"Rebuilding is not a word to use when you still have Joakim Noah on your team or with Derrick Rose expected to come back healthy," Paxson said on Tuesday.


The haul in the Deng trade was a good start, contrary to what Paxson says publicly about rebuilding. They got a first-round pick, the right to swap with a team that's probably going to be in worse shape than they will be, and two second-rounders. (Some of these picks have so much protection on them, you'd think they were going to wrangle snakes in the jungle.)

For someone who didn't figure into long-term plans, that's a decent take. Chicago has a pick coming from the Charlotte Bobcats for Tyrus Thomas, who is no longer in the league, but that pick, like every other one traded in the NBA, is more protected than the White House.

The added bonus come draft time is that the Bulls, without Rose and Deng, will stink, thus increasing their own chances at a great pick come June. Bynum won't even make it 24 hours as a member of the Bulls. He'll be waived before he can get a slice of deep dish.

Kirk Hinrich and even Mike Dunleavy have little value to the Bulls now. They are bench pieces added to assist in the title hunt. Sell everyone.

One player who is a bit of a hair in the rebuilding soup is Carlos Boozer. He's owed an obscene $16.8 million next season. If GM Gar Forman can take advantage of another GM at a bar or something, and get said team to take Boozer off its hands, maybe Chicago does it.

Otherwise, and more likely, wait til the summer and amnesty him. He's one of the few remaining players eligible for amnesty. Get rid of him, but keep him for the season. There's no point doing it now.

"It's a decision that will be made but it won't be made today," Paxson said Tuesday.

That will leave a core of Rose, Noah, Jimmy Butler and Taj Gibson to go along with as many as three first-round picks in the greatest draft in over 10 years.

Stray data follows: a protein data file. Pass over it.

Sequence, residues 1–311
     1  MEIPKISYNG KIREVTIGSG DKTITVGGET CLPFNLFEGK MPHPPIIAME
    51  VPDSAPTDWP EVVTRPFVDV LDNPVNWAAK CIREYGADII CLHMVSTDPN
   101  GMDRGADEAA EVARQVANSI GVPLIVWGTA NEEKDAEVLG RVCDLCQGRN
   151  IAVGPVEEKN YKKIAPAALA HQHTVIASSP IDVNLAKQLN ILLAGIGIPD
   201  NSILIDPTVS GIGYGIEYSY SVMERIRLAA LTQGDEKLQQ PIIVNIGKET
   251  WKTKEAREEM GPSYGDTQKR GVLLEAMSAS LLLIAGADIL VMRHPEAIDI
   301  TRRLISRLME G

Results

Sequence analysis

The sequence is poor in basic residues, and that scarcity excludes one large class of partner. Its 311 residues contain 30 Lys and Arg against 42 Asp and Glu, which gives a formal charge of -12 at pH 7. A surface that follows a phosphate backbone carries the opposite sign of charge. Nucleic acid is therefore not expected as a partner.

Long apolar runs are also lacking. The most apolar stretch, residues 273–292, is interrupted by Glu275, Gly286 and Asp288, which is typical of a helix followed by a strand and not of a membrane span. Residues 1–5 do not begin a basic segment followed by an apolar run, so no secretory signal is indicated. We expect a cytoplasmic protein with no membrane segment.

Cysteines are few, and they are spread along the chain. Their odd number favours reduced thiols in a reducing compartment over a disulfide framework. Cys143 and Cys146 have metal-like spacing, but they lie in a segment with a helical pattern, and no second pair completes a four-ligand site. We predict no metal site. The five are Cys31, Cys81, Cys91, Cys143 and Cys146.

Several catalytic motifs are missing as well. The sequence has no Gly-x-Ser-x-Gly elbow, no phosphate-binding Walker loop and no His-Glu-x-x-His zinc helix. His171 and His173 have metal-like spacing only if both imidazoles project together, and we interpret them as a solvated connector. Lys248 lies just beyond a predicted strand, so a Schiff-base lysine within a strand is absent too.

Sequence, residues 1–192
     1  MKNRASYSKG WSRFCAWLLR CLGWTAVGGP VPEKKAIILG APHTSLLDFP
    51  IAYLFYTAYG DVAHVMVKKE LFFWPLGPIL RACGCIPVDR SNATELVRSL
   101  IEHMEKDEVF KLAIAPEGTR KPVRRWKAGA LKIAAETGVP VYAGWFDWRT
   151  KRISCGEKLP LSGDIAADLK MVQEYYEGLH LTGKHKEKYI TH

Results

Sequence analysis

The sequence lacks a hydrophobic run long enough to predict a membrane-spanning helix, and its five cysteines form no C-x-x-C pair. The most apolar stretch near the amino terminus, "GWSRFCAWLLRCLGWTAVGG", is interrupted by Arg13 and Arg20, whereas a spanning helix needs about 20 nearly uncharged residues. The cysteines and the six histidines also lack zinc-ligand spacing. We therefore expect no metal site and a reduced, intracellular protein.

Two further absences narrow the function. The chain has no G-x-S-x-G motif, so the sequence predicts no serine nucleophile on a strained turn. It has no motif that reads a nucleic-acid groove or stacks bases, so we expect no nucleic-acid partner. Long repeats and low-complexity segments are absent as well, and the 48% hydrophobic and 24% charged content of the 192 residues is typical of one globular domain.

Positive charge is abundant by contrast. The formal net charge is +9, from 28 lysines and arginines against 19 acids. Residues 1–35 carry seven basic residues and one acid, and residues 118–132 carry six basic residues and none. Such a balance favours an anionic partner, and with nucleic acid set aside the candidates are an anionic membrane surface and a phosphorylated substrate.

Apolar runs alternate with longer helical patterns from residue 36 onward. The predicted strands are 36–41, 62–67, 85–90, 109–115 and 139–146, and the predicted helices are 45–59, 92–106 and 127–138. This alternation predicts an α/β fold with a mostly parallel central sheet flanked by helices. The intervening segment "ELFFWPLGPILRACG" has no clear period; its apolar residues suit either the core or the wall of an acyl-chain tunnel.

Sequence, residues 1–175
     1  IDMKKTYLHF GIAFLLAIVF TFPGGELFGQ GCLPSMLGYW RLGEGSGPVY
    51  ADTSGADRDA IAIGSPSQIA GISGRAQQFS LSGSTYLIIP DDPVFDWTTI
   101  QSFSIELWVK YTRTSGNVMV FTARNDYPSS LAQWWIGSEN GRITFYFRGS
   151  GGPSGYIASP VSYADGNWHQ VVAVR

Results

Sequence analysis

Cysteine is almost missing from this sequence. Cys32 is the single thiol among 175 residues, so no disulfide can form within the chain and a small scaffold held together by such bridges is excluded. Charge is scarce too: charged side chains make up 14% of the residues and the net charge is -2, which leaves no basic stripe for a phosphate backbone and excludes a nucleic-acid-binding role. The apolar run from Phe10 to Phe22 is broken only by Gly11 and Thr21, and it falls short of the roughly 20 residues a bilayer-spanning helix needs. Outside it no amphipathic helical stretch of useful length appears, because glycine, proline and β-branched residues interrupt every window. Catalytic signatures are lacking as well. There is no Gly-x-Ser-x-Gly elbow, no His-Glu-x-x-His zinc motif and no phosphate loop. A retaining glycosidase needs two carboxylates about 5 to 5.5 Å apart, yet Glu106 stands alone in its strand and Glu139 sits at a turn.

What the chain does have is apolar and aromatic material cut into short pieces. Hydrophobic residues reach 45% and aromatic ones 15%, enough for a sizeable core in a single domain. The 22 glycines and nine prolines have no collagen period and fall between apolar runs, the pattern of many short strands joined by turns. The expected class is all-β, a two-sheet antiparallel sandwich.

(Charlotte's pick is top-10 protected and Sacramento's top-12 protected. The Charlotte pick is probably coming Chicago's way, while there's almost no chance the Sacramento one comes this year.)

The Bulls also have Real Madrid star Nikola Mirotic under their control and will most likely start negotiating with him in the summer.

There will be some cash laying around in Chicago. Assuming the Bulls amnesty Boozer, they could have upwards of $10 million of cap space. That doesn't land LeBron or Melo, but move another asset like Gibson, or Butler, and now the Bulls are getting there.

Also on the financial front, the Deng trade and subsequent waiving of Bynum helps them avoid luxury tax hell this season. Can't diminish the value of that.

The true downside, other than continuing an emerging feud between Thibodeau and the Bulls' front office, is ending an era that never got to realize its potential.

By the time all of these players were together in their primes, injuries ravaged any chance of a championship run.

The band has been dismantled. This Bulls group will be remembered for potential and Rose's knees.

Now, with all due respect, Mr. Paxson, it's time to rebuild.